Tom Holland last week became the latest public figure to take a step back from social media, revealing in a video posted to Instagram that the platforms are “very detrimental to my mental state” and “I spiral when I read things about me”.
It’s not just those in the spotlight who believe social media is damaging mentally. A survey conducted last year found 65 per cent of American adults aged 18 – 45 feel their use of social media has a negative effect on their mental health.
Statistics like those might suggest the link is well-understood, but for something as complicated and varied as mental health, it’s not easy for research to demonstrate a cause and effect relationship or to understand exactly how social media might be hurting us.
One 2021 analysis of research looking into the effects of Instagram use on various mental health outcomes found the overall trends to be inconclusive, with the findings of several studies appearing to contradict each other.
So, what do we know about how social media affects our mental health?
Do social media companies know if their products harm users?
When former Facebook product manager Frances Haugen became a whistleblower, releasing thousands of documents to the Wall Street Journal and Congress, she revealed a lot about what Meta knows about how its platforms affect users.
Most strikingly, internal research released by Haugen show the company is aware of the negative effect of Instagram on young people and teenage girls in particular.
One slide of an internal document published by the Wall Street Journal said “teens blame Instagram for increases in the rates of anxiety and depression” and added that the “constant comparison on Instagram is ‘the reason’ why”. Facebook’s research found that 66 per cent of girls and 40 per cent of girls report experiencing “negative social comparison on Instagram.
Teens who already struggle with their mental health as well as those who said they were “not satisfied with their lives” were found to be especially likely to say that Instagram makes them feel worse. One slide said that young people were “acutely aware” of the negative mental impact of Instagram, “yet are compelled to spend time on the app for fear of missing out on cultural and social trends”.
The research also identified a “negative feedback loop” when it comes to social media use, where “feelings of self-doubt grow” as young people compare themselves to others online. “Feelings of doubt and worthlessness heighten the degree of attention they give to these feelings”. This leads to “low mood”, which then makes teens “more vulnerable to the content they see online.”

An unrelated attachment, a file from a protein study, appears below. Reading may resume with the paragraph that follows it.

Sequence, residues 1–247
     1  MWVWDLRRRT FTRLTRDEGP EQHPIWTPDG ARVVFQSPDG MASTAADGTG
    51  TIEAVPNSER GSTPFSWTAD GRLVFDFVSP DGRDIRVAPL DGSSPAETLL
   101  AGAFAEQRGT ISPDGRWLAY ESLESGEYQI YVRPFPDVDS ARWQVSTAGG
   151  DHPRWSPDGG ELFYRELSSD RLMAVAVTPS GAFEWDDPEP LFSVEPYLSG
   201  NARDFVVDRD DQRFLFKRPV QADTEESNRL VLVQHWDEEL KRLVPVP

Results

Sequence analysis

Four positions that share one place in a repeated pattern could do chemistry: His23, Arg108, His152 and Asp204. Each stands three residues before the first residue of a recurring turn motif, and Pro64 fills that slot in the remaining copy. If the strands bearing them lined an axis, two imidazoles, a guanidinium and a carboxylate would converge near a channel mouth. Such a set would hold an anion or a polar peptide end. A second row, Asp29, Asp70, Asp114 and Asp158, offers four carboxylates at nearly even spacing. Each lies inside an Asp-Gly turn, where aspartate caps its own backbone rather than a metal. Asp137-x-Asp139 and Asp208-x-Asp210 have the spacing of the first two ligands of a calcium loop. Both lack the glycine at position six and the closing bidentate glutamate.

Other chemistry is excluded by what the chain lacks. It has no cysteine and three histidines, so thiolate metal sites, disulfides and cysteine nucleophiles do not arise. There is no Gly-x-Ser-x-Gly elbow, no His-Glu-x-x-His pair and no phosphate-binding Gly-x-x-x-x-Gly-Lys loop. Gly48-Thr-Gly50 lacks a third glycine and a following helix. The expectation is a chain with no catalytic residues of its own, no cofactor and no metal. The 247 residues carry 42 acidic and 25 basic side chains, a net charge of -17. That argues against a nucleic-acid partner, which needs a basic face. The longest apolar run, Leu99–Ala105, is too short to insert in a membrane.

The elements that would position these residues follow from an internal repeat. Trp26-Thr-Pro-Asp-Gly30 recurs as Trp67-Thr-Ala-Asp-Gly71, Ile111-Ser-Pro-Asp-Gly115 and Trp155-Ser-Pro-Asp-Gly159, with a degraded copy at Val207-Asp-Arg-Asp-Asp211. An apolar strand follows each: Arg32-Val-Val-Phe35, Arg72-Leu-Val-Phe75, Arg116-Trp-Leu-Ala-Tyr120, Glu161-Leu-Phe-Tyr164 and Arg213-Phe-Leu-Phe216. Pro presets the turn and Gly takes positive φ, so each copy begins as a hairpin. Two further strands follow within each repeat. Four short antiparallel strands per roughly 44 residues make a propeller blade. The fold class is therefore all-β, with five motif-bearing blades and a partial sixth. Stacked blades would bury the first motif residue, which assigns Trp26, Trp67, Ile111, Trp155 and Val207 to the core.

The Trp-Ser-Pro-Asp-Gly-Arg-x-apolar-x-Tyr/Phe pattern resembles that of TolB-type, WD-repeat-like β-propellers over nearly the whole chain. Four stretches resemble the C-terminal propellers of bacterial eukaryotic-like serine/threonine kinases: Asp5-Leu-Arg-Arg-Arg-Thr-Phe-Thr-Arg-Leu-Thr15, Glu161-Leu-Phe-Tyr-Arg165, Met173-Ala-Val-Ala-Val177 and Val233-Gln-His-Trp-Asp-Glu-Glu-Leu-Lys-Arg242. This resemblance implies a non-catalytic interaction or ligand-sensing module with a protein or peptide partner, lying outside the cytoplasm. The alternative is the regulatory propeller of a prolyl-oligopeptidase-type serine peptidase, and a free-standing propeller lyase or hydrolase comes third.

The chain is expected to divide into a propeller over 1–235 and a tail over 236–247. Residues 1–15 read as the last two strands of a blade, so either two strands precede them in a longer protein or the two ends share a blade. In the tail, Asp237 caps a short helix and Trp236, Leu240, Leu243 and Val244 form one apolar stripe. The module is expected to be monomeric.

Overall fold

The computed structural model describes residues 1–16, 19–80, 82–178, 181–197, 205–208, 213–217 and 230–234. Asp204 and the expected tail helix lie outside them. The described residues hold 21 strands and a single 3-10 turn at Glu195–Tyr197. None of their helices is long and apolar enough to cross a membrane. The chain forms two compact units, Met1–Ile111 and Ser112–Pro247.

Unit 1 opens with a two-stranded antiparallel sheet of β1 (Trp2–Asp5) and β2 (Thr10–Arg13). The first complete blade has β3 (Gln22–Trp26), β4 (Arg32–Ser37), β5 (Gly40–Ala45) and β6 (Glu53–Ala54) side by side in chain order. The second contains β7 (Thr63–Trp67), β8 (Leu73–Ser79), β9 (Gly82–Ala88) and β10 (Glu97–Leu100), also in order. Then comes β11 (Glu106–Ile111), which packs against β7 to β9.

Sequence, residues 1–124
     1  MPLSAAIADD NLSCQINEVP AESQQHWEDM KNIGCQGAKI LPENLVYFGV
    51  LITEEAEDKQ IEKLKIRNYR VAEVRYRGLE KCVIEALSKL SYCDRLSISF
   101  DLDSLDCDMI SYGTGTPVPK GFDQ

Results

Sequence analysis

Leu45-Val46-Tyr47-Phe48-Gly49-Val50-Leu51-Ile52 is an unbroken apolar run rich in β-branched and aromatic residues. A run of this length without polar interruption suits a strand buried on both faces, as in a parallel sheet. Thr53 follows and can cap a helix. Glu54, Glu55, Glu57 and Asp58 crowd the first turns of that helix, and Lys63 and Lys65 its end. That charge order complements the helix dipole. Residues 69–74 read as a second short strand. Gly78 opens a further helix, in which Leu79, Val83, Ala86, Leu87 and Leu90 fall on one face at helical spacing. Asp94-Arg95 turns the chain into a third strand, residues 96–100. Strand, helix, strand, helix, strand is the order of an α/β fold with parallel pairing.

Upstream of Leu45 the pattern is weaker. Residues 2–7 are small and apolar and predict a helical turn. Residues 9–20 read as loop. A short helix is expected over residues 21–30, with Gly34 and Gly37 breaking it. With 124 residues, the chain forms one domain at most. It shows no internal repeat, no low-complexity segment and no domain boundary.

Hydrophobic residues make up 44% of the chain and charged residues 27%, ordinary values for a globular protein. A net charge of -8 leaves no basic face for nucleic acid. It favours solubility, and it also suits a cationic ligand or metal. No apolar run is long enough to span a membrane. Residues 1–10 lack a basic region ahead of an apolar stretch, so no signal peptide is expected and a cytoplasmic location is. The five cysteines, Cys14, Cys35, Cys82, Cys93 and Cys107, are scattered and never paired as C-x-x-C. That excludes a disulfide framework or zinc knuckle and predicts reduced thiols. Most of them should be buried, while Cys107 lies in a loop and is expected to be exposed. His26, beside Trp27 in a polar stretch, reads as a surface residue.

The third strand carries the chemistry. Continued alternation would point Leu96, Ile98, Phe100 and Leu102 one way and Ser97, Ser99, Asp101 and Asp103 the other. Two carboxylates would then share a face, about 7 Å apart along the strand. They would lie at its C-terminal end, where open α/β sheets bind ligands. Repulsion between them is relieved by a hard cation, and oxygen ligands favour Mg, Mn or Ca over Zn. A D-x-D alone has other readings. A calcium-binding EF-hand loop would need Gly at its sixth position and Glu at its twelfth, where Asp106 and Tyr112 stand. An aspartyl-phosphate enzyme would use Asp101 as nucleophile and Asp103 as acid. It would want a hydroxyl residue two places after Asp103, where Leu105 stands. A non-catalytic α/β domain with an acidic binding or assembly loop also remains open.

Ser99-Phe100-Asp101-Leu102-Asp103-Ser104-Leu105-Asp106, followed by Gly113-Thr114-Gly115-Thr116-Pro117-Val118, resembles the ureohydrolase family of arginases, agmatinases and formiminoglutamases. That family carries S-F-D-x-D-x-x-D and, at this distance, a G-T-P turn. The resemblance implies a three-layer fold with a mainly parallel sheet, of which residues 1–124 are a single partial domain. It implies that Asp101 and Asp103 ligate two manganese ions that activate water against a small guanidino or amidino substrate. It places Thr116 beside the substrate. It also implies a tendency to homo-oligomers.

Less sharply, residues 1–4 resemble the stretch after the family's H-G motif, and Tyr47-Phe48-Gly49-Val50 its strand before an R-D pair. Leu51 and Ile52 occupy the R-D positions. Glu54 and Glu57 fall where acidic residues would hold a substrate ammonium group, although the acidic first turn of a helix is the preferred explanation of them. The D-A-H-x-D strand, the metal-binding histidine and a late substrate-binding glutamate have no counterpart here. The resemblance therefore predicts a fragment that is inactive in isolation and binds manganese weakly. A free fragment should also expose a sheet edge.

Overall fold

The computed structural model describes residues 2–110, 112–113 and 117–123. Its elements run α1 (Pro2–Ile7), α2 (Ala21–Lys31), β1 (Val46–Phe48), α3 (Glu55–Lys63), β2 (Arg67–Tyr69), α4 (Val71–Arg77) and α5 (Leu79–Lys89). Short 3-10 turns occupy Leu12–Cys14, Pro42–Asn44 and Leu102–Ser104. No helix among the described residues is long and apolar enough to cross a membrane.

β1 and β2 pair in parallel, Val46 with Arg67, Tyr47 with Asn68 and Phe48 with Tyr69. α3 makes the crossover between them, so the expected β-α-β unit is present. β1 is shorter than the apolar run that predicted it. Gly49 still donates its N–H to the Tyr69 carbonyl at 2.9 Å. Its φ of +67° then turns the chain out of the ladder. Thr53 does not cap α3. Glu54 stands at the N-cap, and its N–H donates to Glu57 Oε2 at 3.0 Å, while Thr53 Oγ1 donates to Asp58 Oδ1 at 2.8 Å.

In an executive summary released as part of another internal Facebook research document, the company said it “can help break the cycle of social comparison” and provided suggestions that could make its services such as Instagram less harmful. These included by showing “progress towards a goal”, “personalized time-out mindfulness breaks that break the spiral” and influencers that “flip the switch from envy to inspiration”.
But in an interview with 60 Minutes, Haugen said: “The thing I saw at Facebook over and over again was there were conflicts of interest between what was good for the public and what was good for Facebook. And Facebook, over and over again, chose to optimise for its own interests, like making more money.”
Meta claims that those who are made to feel worse by their platforms are a minority. In an interview with CNN’s Brian Stelter following Haugen’s revelations, Meta President of Global Affairs Nick Clegg said the company’s internal research represented “a good example of what I’d hope people would expect we would do” and was conducted for the purpose of “trying to fix it [negative effects on mental health], as much as we can, on our own apps”.